Photography Tips


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Manual Layer Blending

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How to Photograph Panoramas

sticgs

I have often been asked why I take panoramic photographs and how I take my panoramic images .  I find creating a panoramic photograph allows the viewer to immerse themself in the location  photographed , living in Australia the panoramic format lends its self to the wide open spaces and unspoilt natural landscape .

Before the digital revolution to create a panoramic photograph required having to invest in expensive equipment as large format cameras and super-wide angle lens to get detailed  high resolution images and professional know how  to get a satisfactory result . Know however with the leaps and bounds technology is progressing amateur photographers can take any number of single photographs while panning around the scene , then use computer software and stitch the images on a computer to create a detailed panoramic photograph . Panoramic photography is a genre that all photographers can access but does require practice and some dedication to get satisfactory results .

Once you have found the location you wish to photography the most important part is to take you time to set up and don’t rush . The more care you take with setting up your shots the better the end results will pay off . I wont go into details of best time to photography or composition  etc as these things can be learnt with taking single shot images .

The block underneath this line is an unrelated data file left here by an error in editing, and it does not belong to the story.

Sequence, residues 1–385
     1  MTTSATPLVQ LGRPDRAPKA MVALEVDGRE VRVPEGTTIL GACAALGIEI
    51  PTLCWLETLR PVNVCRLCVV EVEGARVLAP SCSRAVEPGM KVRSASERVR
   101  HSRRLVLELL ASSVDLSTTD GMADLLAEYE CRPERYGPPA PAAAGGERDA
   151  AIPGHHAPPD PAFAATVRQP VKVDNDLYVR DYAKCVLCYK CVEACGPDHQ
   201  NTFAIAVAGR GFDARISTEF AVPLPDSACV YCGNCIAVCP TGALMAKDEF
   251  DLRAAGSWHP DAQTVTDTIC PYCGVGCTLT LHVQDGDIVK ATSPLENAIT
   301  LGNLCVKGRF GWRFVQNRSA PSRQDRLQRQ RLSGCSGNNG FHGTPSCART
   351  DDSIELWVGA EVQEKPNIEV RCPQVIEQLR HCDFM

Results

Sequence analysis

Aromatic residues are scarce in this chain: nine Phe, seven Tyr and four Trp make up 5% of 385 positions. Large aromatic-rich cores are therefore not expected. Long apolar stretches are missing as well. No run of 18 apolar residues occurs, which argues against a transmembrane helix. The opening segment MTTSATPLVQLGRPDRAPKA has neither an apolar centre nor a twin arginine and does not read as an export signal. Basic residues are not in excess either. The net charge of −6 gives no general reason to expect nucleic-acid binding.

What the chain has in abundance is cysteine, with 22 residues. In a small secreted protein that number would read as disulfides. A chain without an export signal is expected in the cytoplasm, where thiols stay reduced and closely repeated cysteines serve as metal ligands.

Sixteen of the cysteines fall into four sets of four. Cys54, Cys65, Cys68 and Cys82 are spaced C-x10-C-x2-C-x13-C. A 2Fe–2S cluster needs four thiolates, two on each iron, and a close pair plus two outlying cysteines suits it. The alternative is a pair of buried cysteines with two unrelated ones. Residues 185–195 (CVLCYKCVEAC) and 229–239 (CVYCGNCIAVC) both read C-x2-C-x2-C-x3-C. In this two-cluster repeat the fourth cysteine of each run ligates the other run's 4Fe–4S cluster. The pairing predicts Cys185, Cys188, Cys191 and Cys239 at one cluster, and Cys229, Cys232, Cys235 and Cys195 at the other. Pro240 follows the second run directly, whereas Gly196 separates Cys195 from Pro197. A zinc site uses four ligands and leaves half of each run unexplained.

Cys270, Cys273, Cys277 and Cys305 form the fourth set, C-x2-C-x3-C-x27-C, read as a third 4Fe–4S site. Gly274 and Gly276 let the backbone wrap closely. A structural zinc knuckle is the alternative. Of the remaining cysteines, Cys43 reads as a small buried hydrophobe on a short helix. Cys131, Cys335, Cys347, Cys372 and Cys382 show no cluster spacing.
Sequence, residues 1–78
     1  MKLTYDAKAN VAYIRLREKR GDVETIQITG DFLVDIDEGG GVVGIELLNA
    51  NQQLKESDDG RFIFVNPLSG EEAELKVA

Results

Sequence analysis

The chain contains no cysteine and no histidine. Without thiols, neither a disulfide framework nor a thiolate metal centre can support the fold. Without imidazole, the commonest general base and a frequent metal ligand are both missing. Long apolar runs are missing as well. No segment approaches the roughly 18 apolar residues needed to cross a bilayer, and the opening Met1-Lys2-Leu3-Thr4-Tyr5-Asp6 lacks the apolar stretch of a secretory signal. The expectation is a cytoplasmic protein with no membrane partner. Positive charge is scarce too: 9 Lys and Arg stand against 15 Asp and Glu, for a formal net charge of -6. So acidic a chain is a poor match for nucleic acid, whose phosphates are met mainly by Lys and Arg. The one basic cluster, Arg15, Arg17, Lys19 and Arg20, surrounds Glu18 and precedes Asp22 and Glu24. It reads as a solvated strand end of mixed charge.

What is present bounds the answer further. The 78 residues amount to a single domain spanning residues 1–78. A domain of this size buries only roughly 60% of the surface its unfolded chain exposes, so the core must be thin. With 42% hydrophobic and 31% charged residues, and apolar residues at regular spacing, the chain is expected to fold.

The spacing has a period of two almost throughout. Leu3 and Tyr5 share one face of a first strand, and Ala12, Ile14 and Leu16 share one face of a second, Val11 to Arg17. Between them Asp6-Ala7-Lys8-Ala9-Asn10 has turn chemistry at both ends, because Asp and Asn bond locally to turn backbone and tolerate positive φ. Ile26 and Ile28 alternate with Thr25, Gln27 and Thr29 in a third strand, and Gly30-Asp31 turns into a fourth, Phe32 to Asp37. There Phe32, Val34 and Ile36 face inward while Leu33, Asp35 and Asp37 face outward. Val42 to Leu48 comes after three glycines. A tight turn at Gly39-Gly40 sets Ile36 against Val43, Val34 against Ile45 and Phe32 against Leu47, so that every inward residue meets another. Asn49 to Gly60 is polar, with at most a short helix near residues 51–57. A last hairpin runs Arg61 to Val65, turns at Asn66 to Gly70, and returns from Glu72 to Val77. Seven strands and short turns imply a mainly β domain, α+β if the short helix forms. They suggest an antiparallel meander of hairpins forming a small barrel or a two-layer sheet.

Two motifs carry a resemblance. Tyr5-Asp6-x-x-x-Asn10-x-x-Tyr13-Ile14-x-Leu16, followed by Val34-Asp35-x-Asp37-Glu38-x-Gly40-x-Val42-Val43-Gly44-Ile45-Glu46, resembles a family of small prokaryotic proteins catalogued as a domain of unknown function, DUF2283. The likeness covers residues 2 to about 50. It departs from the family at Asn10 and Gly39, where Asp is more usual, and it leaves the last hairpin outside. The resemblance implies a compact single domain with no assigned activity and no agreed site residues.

Setting up involves erecting the tripod , if you have a panoramic head setting this up ( you don’t necessarily need a panoramic head to take panoramic photography’s , but they will help if you include a lot of foreground in your shots and will eliminate parallax error )  Make sure the tripod and camera is as level as possible as this will improve the ease of the images stitching together correctly A spirit level on your tripod head will help with this if you don’t have one you can buy a hotshoe sprit level fairly cheap which attaches to your camera .

I all ways shot my images with the camera mounted vertically (in Portrait orientation) on the tripod . This will give you a greater angle of view plus also will counter any distortion that you may have which is caused at the edges of your frame with some wide lens .

With regards to lens I normally would use a prime lens as they offers superior optics compared to zoom lens , and generally go with a focal length of 50mm or over as this will help eliminate distortion (Please take into account if your camera is not a full size senor then a 50mm lens would probably be equivalent to 70mm due to the 1.6 crop factor so you could get away with using a smaller focal length ). I wouldn’t  recommend using a wide angle lens for panoramic images if you don’t have a panoramic head as they will increase the parallax error . You can still use a smaller focal length and get saficatory results but it will increase you chances of getting images that don’t stitch properly or have distortions in them .